Wednesday, July 01, 2015

Like Keynes' Theory? Read the Rest of the Story.

David Stockman highlights the OTHER half of Keynes, showing that our "free trade" bunch are either ignorant dolts or robber barons.  Either way, you're screwed.

...As I detailed in the Great Deformation, the Great Thinker [Keynes] actually came out for stringent protectionism and economic autarky six years before he published the General  Theory and for good and logical reasons that his contemporary followers choose to completely ignore. Namely, protectionism and autarky are an absolutely necessary correlate to state management of the business cycle and related efforts to improve upon the unguided results generated by business, labor and investors on the free market. ...

IOW, the reason that Keynesian 'nomics don't work (see, e.g., the U-6 unemployment numbers) is that they are only half-utilized.


...Eighty years on from Keynes’ incomprehensible ode to statist economics and thorough-going protectionism, the idea of state management of the business cycle in one country is even more preposterous. Potential labor supply is a function of the global labor cost curve and now comes in atomized form as hours, gigs, and temp agency contractual bits, not census bureau headcounts.

In fact, the Census Bureau survey takers and the BLS numbers crunchers have not the foggiest idea as to what the real world’s potential labor force computes to, and how much of it is deployed on any given day, month or quarter. Accordingly, printing money and pegging interest rates in pursuit of “full employment”, which is the essence of the Yellen version of monetary central planning, is completely nonsensical....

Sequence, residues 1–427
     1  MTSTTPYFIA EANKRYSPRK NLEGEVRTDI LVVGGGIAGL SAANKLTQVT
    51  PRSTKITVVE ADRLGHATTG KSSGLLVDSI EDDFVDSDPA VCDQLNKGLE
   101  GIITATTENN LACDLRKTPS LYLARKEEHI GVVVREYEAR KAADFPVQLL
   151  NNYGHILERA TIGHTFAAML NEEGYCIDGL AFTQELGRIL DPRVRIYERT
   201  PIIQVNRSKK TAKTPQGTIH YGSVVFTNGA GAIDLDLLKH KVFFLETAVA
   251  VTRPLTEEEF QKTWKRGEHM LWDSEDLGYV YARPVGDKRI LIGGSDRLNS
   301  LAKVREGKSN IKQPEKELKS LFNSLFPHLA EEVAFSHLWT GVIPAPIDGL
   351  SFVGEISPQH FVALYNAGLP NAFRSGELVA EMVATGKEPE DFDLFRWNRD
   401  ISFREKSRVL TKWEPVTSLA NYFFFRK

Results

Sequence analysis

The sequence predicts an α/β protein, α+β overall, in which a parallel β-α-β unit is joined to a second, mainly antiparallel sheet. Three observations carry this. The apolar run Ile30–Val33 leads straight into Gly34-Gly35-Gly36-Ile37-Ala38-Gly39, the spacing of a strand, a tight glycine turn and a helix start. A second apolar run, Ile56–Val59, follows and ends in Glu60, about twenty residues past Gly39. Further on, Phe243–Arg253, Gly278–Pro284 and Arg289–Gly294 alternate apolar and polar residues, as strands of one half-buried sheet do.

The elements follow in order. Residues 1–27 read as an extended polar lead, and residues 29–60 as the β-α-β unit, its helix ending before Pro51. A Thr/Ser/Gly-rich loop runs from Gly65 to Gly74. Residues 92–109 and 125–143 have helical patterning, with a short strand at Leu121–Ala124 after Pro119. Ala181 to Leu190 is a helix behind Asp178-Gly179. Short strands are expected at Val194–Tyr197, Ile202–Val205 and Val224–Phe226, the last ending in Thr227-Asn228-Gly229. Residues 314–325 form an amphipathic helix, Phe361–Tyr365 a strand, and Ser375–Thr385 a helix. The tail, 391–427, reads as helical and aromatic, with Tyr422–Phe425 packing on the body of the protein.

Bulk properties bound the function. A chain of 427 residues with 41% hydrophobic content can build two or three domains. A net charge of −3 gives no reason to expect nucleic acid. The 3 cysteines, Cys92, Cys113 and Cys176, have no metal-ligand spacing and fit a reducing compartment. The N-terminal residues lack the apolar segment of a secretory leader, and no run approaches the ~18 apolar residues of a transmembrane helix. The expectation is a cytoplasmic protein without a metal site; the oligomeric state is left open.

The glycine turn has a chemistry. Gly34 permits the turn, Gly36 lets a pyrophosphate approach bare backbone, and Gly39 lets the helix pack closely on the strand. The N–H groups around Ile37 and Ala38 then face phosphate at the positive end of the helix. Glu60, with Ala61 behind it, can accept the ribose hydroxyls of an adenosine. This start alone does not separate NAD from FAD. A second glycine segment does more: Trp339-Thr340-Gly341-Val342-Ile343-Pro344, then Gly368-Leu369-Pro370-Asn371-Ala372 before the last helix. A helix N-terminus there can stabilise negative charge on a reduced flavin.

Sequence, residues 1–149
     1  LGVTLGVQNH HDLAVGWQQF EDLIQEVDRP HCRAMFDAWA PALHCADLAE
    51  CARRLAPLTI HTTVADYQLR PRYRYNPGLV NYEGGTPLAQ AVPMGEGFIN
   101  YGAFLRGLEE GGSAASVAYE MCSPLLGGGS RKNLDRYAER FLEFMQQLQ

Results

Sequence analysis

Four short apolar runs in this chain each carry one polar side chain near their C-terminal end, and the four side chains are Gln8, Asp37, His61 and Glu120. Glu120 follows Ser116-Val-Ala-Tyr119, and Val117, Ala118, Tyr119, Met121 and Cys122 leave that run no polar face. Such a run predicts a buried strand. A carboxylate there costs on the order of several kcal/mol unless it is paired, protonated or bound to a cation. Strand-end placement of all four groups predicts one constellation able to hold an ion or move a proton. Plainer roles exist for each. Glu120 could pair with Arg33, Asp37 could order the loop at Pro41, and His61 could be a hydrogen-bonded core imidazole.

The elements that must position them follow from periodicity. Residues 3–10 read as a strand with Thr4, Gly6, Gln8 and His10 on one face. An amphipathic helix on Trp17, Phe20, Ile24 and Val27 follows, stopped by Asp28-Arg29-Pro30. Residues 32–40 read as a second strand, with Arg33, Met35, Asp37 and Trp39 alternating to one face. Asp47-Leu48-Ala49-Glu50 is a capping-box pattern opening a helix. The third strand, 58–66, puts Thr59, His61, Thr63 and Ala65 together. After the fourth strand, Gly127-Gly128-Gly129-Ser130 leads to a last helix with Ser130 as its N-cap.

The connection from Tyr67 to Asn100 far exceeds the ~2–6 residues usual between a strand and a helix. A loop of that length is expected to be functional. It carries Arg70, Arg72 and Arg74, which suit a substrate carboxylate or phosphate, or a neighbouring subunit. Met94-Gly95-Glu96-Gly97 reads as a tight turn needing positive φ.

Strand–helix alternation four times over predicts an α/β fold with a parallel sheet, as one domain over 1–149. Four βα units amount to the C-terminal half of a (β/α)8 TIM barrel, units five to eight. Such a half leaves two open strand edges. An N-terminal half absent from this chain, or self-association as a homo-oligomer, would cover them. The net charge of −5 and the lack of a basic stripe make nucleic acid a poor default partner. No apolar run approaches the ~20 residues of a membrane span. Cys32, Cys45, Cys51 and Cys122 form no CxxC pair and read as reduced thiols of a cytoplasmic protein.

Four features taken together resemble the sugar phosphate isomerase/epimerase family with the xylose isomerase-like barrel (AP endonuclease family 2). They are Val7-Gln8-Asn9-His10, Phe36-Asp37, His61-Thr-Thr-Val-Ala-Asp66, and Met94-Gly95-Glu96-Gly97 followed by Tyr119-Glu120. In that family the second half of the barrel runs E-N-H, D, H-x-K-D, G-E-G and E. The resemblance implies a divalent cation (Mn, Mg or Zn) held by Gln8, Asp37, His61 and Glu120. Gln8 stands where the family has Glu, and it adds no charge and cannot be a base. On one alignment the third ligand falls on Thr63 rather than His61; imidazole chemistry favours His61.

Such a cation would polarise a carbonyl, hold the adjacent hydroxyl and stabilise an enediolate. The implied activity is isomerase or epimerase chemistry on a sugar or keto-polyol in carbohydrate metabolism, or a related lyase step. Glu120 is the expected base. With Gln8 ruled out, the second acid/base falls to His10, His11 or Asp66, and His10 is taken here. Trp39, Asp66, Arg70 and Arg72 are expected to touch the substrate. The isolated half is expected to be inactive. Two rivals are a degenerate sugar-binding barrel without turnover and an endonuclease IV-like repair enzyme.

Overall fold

The Fed Reserve priesthood has no friggin' idea of how many Chinamen are able/willing to work for 10 cents/hour--nor how many Thais, Vietnamese, Filipinos, nor Frenchmen.  So jacking the US money supply or whacking US interest rates is....umnhhhh...insanity.  It's exactly like firing a Ma Deuce with your eyes closed:  you can kill a lot of friends that way.

And, by gum, they have.

...When in the year 2015 you have 93 million adults not in the labor force—-of which only half are retired and receiving social security benefits(OASI)—-and a U-3 computational method that counts as “employed” anyone who works only a few hour per week—-then what you have in the resulting fraction is noise, pure and simple...At the present time, there are 210 million adult Americans between the ages of 16 and 68—to take a plausible measure of the potential work force. That amounts to 420 billion potential labor hours, if we accept the convention that all adults are at least theoretically capable of holding a full-time job (2,000 hours/year) and pulling their share of society’s need for production and work effort.

By contrast, during 2014 only 240 billion hours were actually supplied to the US economy, according to the BLS estimates. Technically, therefore, there were 180 billion unemployed labor hours, meaning that the real unemployment rate was 42.9%, not 5.5%!...

One might quibble, as 16-y-o's are not really eligible for full-time work.  OK, then, reduce "available hours" to only 375 billion and divide.

Not exactly "full employment" there, either, eh?

1 comment:

Grim said...

Well, a reason they don't work. It's also possible the general theory itself is wrong. Even if it were right, though, this is a reason to abandon either Keynesian economics or free trade.